Maryland Casinos looking to lower Slots Payback by 5%

Maryland Casinos looking to lower Slots Payback by 5%

Maryland’s five casinos have asked the state Lottery and Gaming Control Agency to let them lower payback so that they can pull more profits from customers. If approved, this decision could potentially give the Free State’s casinos tens of millions of dollars in extra annual revenue.

Currently, Maryland slots must pay out between 90 and 95 percent over the course of a year. But the new proposal would lower this amount to 85 percent payback, thus giving casinos more money and players less winnings.

“The patrons would end up receiving less,” said Charles LaBoy, the state’s assistant director for gaming. He continued telling the Baltimore Sun that the “flip side is that the hold would increase. So there is a potential revenue upside to the state on this.”

Laboy didn’t give an exact dollar amount on how much potential revenue he thinks this deal is worth. However, it’s estimated that the amount could reach eight figures every year.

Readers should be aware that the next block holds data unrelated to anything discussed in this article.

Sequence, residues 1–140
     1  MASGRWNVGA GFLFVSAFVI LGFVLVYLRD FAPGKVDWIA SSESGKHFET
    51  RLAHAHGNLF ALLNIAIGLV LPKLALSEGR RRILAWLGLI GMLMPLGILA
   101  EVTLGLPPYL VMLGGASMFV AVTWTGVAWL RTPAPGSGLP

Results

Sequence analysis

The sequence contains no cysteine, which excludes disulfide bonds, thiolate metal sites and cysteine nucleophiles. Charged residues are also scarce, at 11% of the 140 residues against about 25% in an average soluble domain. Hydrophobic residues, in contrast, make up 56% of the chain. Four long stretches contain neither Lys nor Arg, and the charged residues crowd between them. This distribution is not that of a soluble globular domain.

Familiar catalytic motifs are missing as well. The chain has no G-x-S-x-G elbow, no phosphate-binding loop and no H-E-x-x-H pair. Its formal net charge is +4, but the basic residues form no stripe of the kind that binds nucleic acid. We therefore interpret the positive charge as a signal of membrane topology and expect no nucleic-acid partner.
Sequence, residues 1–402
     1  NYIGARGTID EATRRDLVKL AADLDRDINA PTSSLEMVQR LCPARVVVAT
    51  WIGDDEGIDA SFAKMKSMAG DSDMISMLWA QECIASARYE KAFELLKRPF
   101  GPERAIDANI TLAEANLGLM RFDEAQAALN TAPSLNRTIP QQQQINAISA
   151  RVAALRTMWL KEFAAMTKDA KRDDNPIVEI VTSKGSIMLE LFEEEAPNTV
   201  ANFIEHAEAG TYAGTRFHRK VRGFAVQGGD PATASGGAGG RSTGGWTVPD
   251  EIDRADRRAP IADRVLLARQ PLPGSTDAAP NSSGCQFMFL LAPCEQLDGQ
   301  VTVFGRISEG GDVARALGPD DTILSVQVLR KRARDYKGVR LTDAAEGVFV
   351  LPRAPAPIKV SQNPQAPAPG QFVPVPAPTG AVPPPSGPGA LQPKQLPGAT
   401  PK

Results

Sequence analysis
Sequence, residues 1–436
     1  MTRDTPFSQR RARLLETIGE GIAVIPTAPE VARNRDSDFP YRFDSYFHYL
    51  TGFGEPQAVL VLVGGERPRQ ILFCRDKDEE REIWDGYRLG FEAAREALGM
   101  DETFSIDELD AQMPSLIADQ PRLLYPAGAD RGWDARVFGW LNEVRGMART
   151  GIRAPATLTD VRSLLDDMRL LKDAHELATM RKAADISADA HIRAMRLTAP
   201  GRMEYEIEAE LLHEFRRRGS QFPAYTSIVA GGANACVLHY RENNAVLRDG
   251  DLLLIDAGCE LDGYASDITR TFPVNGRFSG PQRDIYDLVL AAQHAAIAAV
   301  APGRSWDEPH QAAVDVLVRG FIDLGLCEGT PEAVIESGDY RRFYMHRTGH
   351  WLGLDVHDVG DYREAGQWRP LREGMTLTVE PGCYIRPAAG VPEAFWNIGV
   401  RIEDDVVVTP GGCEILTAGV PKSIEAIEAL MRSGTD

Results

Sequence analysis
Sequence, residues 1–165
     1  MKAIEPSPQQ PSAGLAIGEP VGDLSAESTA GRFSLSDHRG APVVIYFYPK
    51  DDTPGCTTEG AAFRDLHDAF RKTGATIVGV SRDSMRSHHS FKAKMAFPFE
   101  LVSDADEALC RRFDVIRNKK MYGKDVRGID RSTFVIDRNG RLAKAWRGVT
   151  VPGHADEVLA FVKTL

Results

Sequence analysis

The state’s five casinos have earned $622 million through slot machines in the first 11 months of the fiscal year. Casino operators received $229 million of this, while another $290 million went to Maryland’s Education Trust Fund.

The problem with dropping slots payback to help Maryland casinos and the state education fund receive more money is local competition. The Free State is in one of the most competitive gaming markets in the U.S. Going further, their 90-95 percent slots payback is in line with what neighboring states are offering. So if they drop down to an average of 85 percent, casino patrons could be encouraged to visit other states instead.

Matthew Heiskell, general manager of Hollywood Casino Perryville, mentioned this point to the Baltimore Sun. “Like any place, we’re going to have a large mixture,” Heiskell said. “You want people to know they can win at your place.”

According to the American Casino Guide, Maryland slots paid an average of 90.38% from July 2013 to June 2014, which puts them in the middle of the pack. Delaware (92.23%), Ohio (91.62%) and New Jersey (91.01%) all rank ahead of them, while New Jersey (90.01%) and West Virginia (89.86%) both rank behind Maryland regarding payback.

This being said, it’ll be interesting to see if the Lottery and Gaming Control Agency risks turning off customers to lower slots payback almost 5% more than the current lowest state.